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This is what it's like being in love, This is what it means to say I love you by EZ Scrittore

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Jackson and the little Norris boy, Wyzel, were out the back of the yard playing. Back there there is an old oak tree that got split down the middle by a bolt of lightning the summer I turned ten. When Big Daddy went to go chop it down I asked him to let me keep it and let me make a house in it and that's what I did.


Jackson's father, my brother Saul, had been seven at the time and Mamma was going to have Simon and Sarah any day soon. Big Daddy just looked at me and said: "Da tree yorns sos long as youse do da wirk yornselfs." And by the time Paul and Peter came along -- Paul a year later; Peter eight months after Paul -- I had my house done.


Wyzel was making a racket of a fuss with some rusted-out pots and Jackson was laying in to old wooden swing kicking up dirt and turning a pie tin in his hands playing at driving. He planted his feet in the ground, kicking up yet more dirt, and hopped off the swing and made for the door of the house. Wyzel meets him at the door and they kissed and hugged. They are unselfconcious and this was just apart of the game.


The heavy cherry-red ball of the sun set the olive-green and yellow leaves of the oak trees that lined the yard back there ablaze as it took its last foot falls of the days across the sky and my cheeks flooded over with hot fat tears like a river. Were Jackson to see me cry the boy'd ask me: Uncle Sweetie, why you crying? And I'd have to tell him that this is what its feels like being in love and having the one man you ever truely loved be dead and burried under the clay. And were Wyzel to hear Jackson asking he'd ask: Are you crying for Mr. Walker or yourself? And I'd have to say: A little for both. And I won't tell them that I did love Adam until I fell for Billy Hunter and I loved Bill until Adam came to take me home. I \won't say that that was when I truely realized that I was and would always be in love with Adam.


But, Jackson never saw and Wyzel never asked and I never told them that saying I love you and meaning it is a physical act. It'll cut into your flesh, your very soul, like a sharp cool scapel if you play with it too long. Wyzel never asked and Jackson never saw the river I cried for myself and my lover that died at my own hands and I just let them go on on playing and thinking that love made you fall off a cliff of passion that you never come down from because you're held up by love.




I first met Adam Walker at the old County Hospital, back when it had still had the sign that read Conuty Hospital. Big Daddy had been gone on on home to the land of God some ten years by the time and Mamma was in room 708 making a turn from this world twords the next. I was in the cafateria and was spilling hot fast tears over the plane bagel I'd bought just to have something to do other than sitting in that room with Mamma and waitting for her appointment with Death's angel.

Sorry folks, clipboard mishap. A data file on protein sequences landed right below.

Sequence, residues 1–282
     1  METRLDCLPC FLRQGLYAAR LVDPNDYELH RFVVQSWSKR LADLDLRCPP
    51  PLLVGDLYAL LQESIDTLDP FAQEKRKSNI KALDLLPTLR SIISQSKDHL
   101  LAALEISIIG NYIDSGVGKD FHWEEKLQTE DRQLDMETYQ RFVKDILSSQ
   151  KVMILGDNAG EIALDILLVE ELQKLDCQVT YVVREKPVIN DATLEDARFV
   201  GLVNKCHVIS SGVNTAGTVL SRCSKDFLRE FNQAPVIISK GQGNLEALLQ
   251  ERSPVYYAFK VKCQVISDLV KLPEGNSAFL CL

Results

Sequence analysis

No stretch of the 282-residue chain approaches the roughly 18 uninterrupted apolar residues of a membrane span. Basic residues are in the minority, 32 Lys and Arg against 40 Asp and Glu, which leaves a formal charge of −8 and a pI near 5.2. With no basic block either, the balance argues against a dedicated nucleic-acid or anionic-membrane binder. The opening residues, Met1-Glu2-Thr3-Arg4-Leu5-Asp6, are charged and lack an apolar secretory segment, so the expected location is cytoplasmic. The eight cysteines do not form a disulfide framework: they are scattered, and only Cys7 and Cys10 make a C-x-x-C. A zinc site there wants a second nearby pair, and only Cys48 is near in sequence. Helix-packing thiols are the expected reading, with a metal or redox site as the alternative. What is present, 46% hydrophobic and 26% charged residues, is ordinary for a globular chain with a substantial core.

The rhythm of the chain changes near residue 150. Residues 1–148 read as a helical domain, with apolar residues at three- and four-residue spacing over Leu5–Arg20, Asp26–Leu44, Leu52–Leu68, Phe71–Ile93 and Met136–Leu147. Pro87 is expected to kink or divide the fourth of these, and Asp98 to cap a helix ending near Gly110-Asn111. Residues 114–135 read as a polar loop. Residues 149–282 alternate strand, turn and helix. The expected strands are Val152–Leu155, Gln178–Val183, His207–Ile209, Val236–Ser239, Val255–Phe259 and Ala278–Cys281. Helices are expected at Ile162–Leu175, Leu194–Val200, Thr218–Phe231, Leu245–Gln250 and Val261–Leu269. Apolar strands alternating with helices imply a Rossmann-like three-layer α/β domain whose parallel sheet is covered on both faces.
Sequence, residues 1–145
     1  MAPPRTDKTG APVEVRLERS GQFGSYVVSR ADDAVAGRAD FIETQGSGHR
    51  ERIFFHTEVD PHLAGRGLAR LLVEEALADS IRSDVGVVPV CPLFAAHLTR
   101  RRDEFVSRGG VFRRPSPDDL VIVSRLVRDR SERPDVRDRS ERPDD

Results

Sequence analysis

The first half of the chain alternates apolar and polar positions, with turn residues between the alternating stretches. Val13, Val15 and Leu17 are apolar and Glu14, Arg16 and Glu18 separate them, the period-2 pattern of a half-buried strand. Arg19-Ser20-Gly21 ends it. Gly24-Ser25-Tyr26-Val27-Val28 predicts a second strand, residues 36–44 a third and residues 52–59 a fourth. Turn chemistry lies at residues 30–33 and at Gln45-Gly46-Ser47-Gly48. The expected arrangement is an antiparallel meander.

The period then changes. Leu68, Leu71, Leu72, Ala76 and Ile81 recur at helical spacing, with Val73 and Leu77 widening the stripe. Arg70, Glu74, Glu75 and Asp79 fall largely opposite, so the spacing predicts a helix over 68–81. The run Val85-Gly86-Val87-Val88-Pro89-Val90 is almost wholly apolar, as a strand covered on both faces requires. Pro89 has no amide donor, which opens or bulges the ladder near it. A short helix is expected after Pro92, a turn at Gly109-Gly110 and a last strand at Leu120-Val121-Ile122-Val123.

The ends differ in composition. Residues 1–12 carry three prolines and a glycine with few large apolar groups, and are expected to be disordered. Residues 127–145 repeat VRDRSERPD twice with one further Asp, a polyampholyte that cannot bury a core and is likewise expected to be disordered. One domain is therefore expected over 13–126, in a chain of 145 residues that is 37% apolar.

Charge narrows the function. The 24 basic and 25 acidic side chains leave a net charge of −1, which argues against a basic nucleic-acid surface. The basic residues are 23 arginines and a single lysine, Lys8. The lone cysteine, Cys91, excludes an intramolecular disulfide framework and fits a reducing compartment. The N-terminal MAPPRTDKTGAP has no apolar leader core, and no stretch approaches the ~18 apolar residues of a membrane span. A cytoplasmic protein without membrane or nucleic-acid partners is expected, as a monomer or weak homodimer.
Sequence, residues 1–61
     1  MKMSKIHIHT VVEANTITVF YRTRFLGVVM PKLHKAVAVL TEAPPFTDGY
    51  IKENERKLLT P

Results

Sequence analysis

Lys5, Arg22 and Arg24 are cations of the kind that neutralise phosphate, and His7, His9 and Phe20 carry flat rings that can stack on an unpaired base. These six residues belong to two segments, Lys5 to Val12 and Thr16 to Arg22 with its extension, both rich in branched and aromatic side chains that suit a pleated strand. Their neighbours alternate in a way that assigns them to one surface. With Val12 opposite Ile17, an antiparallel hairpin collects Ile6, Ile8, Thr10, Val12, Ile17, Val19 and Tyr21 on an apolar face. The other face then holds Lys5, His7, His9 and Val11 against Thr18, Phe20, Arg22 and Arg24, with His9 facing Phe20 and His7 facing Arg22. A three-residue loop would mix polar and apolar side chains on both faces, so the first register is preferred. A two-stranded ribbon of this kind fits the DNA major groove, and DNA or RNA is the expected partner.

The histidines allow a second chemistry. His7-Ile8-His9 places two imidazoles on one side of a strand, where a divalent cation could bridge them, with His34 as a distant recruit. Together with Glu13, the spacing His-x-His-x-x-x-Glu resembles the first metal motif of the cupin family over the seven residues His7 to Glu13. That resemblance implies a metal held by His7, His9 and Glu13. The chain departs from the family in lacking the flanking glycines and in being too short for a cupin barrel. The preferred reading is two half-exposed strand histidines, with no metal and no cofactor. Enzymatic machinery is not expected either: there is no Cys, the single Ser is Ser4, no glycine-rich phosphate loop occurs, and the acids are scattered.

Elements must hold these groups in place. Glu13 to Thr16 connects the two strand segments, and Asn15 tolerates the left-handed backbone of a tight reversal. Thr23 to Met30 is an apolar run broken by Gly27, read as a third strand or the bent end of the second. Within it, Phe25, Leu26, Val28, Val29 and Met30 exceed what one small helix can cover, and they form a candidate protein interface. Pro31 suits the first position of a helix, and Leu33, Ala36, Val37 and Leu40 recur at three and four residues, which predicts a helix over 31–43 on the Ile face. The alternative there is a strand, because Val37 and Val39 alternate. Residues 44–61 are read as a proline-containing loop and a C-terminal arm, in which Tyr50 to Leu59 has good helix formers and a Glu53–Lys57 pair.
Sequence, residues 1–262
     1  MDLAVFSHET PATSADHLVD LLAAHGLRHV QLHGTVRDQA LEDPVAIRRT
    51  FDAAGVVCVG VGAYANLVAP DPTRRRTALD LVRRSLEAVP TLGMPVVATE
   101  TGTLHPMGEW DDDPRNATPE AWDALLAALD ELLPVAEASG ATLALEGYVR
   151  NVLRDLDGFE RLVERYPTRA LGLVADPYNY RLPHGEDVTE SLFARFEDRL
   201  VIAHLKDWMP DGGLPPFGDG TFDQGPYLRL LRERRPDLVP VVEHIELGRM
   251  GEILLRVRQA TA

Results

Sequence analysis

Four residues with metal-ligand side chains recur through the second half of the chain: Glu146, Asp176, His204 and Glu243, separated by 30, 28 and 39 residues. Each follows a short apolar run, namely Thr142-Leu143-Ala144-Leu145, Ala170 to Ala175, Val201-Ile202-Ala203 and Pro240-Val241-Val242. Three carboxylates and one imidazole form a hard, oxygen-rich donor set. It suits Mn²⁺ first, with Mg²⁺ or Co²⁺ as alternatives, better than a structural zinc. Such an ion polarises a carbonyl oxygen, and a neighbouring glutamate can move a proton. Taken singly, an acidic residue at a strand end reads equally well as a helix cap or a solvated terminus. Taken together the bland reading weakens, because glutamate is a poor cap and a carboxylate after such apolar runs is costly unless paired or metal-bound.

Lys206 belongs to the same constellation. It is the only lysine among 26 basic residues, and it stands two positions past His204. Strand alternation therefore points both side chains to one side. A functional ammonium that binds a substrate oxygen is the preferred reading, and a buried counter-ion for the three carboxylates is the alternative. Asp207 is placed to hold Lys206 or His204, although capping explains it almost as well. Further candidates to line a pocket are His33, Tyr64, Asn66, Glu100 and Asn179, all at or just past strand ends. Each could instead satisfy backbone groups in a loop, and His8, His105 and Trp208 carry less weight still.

I was alone and Adam came in and I felt his gaze on me like it was an old friend. He strolled on on over to where I was sitting on a cherrywood bench and sat on down next to me and nestled me in hs ox-strong arms, He pressed a handkerchief in my hands and told me that his wife just passed on on in child birth taking the child with her. He then left.


It was days later, two days after Mamma went on on with her appointment with death's angel, that I learned his name was Adam Walker. The handkerchief, with its uniform and curling block letter stitching, said all I needed to know. After I read his name from the bit of cloth, it was a simple matter of finding him in the phonebook. Luck was on my side in this matter as there was only one Adam Walker listed in the book.


I went to return that handkerchief and found myself getting lost in Adam and his world and I was safe. I was safe with Adam and I conned myself into believing I was in love with this man, this Adam Walker, because my name felt right comming out of his mouth.


I'd lost myself and I would have tried to find myself if it weren't of Billy Hunter.




My name may have been safe with Adam, but, that don't mean I was safe and being with Adam was like walking on broken glass with eggshells for shoes. You gone get choself cut no matter how carefully you step around what needed to be talked about and no matter how many times you folded yourself in half you still cain't be happy for your too busy trying not to be seen avoiding what chu trying to avoid. You just end up becoming numb in the soul. Sorta like frostbite in the heart.


Being with Billy was different. We were equals. It was easy as breathing. It was like waking up from a dream and finding that that man you've been dreaming about is laying right there next to you and your heart kinda skips a beat because you just realized, yet again, that you really do love that man. You just lean on down and puts your head right on his chest and listen real close and quite like to his heartbeat and you still get shocked that it beats to the same rhythum as your own.